- Yes, I’m still fat. SO WHAT?
- Your Baby Can’t Read!
- Pet Peeve: Being told by my mother-in-law while she shakes her finger in a no-no pattern that the cookie I’m about to shove in my mouth is 130 calories
- Oh, Vaccinations
- Baby Needs A Passport
- 14 Hours on a Plane!
- Pet Peeve: skinny moms with newborns. What is this? Two thoughts come to mind…
- To Moby, To Ergo, To Sling, or To Stroller?
- I SO Have a Problem With Germs
- What I Ate While Breastfeeding
- My Milk Went Bad
- Co-Sleeping vs. Crib
- Breastfeeding Part 1: Fighting With the Nurse
- Breastfeeding Part 2: Nipple Shields?
- Breastfeeding Part 3: Oh, the Pain!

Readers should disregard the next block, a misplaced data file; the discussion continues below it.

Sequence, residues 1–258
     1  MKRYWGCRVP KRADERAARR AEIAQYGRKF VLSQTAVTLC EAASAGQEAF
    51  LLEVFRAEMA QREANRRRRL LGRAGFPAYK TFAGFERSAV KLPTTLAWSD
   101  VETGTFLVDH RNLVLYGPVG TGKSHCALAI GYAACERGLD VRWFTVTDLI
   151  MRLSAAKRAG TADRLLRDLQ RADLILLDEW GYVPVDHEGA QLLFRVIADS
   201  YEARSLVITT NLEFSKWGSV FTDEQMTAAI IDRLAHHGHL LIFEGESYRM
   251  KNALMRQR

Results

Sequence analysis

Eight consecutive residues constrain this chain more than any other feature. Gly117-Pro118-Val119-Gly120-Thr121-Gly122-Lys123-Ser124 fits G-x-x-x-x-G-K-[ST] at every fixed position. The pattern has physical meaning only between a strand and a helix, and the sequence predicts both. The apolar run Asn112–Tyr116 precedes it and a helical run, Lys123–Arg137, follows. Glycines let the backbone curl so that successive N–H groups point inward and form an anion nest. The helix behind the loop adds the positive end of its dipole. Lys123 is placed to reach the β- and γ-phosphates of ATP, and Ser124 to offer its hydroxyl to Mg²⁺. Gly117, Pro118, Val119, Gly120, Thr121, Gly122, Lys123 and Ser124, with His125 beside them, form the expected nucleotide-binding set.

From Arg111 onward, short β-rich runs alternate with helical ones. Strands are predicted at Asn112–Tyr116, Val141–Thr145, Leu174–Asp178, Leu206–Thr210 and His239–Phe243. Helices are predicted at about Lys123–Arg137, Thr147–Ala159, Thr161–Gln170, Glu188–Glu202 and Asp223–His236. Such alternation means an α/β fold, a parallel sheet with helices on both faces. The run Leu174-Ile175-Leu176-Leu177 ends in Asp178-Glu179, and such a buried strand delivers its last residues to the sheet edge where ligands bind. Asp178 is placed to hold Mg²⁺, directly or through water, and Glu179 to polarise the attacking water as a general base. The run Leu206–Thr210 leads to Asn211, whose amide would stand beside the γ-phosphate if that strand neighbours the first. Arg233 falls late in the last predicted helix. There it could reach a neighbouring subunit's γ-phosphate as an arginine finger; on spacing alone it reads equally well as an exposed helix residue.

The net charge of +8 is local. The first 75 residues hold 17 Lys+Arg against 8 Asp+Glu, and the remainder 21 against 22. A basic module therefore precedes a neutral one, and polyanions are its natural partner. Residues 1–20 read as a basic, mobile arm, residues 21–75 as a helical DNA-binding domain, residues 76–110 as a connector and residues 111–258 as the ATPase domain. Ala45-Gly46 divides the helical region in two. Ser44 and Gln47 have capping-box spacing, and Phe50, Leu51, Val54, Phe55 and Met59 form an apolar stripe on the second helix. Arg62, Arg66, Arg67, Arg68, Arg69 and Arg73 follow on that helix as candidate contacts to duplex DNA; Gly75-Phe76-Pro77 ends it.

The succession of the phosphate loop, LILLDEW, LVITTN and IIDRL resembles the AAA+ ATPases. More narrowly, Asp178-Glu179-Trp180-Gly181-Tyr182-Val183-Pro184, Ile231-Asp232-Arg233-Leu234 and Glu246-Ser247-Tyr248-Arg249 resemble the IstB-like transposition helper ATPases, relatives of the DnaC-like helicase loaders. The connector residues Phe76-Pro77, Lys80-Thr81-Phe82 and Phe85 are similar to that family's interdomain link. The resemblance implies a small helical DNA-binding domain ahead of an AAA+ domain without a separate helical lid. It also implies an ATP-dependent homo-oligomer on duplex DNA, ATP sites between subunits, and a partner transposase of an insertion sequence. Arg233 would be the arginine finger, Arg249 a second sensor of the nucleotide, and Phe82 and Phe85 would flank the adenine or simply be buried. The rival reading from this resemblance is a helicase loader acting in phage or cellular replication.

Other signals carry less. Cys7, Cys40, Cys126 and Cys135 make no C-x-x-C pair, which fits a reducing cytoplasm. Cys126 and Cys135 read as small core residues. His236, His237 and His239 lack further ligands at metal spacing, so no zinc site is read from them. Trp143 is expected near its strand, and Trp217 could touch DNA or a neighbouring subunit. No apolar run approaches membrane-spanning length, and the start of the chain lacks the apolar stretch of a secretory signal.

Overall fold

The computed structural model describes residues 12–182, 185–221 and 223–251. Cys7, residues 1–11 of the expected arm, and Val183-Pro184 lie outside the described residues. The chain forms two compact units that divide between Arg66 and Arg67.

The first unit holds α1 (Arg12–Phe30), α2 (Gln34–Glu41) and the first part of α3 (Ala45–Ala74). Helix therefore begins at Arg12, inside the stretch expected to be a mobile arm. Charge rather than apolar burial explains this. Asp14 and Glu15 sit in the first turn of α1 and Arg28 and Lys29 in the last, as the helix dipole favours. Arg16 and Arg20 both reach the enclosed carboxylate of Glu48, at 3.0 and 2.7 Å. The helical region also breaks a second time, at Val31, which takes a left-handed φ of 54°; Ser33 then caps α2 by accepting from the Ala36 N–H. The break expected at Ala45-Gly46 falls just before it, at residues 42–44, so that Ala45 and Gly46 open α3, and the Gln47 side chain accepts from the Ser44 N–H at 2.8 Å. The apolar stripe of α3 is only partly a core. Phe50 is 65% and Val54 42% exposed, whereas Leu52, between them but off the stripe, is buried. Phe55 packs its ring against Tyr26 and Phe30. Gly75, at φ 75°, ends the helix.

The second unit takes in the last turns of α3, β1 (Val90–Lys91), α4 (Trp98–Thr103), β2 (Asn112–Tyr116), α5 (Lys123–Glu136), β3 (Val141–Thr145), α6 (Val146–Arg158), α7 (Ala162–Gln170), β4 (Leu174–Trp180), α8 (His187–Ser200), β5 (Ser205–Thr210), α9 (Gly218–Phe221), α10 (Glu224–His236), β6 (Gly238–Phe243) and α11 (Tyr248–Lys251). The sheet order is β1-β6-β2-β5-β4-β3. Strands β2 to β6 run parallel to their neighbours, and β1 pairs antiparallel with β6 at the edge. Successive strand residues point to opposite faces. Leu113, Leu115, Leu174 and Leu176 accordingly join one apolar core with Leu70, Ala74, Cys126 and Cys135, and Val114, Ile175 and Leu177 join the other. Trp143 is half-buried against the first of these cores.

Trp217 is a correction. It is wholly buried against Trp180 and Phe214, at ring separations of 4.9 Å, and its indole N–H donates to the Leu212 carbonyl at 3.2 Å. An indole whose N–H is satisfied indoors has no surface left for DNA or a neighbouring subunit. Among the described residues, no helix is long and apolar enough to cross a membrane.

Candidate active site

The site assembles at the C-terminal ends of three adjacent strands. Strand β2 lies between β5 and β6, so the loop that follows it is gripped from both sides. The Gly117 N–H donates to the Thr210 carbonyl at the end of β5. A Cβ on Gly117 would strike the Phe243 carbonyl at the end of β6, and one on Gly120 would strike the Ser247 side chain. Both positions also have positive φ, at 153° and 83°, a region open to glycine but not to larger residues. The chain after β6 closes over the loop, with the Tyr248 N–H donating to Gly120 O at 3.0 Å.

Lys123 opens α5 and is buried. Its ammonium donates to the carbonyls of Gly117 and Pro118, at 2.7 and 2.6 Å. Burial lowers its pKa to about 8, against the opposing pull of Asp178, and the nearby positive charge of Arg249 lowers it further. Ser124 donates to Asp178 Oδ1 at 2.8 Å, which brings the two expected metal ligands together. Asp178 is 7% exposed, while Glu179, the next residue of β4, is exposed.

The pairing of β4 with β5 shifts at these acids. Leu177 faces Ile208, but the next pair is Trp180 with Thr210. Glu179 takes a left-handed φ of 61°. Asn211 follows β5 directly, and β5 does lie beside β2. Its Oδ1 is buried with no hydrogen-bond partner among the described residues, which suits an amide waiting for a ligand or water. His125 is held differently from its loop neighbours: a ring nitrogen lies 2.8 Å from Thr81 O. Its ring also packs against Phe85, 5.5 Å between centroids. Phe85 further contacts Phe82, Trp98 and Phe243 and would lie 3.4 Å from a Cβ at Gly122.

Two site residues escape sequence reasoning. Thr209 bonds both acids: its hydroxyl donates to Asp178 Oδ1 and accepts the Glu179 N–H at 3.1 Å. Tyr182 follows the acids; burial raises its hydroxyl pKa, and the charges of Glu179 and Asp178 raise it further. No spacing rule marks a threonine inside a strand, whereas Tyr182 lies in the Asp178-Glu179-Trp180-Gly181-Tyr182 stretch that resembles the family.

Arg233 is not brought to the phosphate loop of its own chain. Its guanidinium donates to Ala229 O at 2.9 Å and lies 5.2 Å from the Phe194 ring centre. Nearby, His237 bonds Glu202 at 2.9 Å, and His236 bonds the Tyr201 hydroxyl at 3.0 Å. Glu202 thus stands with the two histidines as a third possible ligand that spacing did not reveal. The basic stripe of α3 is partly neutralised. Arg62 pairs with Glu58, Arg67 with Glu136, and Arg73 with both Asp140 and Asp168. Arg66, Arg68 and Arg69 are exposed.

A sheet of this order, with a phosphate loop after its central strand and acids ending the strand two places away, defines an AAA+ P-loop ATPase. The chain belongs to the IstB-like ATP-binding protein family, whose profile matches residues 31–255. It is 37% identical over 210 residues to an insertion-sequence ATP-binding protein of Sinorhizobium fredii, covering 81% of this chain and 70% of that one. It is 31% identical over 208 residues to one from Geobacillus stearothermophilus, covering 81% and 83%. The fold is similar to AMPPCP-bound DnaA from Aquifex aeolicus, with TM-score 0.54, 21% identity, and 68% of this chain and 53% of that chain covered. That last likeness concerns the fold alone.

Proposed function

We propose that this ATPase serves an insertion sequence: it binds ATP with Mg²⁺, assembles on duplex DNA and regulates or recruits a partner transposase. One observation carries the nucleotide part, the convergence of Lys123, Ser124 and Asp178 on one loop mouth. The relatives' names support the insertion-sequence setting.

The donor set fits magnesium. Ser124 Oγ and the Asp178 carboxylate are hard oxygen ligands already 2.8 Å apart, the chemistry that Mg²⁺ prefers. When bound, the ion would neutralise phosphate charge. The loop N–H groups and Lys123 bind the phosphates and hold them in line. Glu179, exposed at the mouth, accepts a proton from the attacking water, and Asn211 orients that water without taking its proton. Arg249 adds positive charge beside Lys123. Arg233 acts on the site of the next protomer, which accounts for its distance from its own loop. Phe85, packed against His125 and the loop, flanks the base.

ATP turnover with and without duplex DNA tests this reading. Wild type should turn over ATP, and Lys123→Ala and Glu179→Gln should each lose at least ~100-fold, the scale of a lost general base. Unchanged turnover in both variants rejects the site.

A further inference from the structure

- Breastfeeding Part 4: To Pump or Not To Pump?
- Breastfeeding Part 5: OK, we got this.
- Breastfeeding Part 6: Stop Looking – It’s For Food People!!!!!
- Breastfeeding Part 7: Ph.D. Exams, Traveling, Stress, Food Poisoning, and 911
- Breastfeeding Part 8: Cultural Differences
- Breastfeeding Part 9: No One Tells You How to Wean
- Breastfeeding Part 10: What I’ve Learned
- Preschool Diaries – Worse Than Ph.D. Applications
- Mom’s Clubs
- Medieval Views on Sleep Training
- Traveling and Time Changes
- Croup, or 911 in the Middle of the Night
- If Your Baby’s Sick, Please Keep ‘Em Away From Mine!
- Routines, Routines, Routines!
- The Great Television Debate
- When in Rome…
- Disneyland Tips